I read recently that the five main things that lead people to buy books, in order of degree of influence, are:
I don’t know if this is based on research or opinion, but doesn’t it mirror what we do when we’re browsing in a bookstore?
Three editions of the same book. If you were browsing in a bookstore, which would grab your attention? (Yeah, I know – none. But just supposing …)
We pick up a book, usually because the cover catches our attention. We turn to the back and read the blurb telling us what the book is about. We open it – at the first page, or at random, and sample a paragraph or two. We look for reviews on the back or on the opening pages. The genre (which I suspect may come higher in the order of importance) may have guided our browsing in the first place, or may be confirmed as soon as we read the back cover blurb.
A similar process applies to browsing on line.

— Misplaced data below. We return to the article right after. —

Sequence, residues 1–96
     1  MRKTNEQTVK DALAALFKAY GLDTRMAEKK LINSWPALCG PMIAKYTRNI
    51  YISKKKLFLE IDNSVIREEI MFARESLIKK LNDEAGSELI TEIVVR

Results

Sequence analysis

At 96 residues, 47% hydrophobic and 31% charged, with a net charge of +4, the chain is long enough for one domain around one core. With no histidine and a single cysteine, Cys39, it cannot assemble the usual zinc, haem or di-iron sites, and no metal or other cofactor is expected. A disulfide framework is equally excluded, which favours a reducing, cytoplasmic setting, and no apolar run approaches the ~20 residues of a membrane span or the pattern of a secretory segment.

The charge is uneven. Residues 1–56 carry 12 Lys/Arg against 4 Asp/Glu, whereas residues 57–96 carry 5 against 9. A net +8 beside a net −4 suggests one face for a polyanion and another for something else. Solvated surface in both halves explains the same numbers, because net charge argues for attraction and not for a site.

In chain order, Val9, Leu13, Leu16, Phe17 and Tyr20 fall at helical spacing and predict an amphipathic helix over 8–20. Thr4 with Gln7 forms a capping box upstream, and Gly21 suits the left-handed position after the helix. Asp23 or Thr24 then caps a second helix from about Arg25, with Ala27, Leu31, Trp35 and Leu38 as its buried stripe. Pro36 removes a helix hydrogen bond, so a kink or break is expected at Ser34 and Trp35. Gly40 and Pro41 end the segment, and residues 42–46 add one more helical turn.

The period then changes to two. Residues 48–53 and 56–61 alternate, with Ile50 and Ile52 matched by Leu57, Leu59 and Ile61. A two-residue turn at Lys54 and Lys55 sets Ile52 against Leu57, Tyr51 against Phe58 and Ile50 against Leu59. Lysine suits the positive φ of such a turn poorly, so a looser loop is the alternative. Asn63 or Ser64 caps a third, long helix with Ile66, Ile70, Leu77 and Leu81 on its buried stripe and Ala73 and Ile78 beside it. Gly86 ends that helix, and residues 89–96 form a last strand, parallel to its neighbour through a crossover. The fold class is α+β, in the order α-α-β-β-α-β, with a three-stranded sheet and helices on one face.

What is interesting in this is who is responsible for what most attracts readers to a book. An artist designs the cover. Reviewers write the reviews (duh). Someone in production usually writes the blurb. What’s left? Aha! At last! Something the author is responsible for – the sample and the genre.
But it’s a relatively minor part in attracting readers, and serves as a kind of healthy means of keeping writers in their place.
(I should also mention, among key influencers, booksellers who steer readers towards books they think – or know – will appeal.)
So thanks to all the people who help to sell books.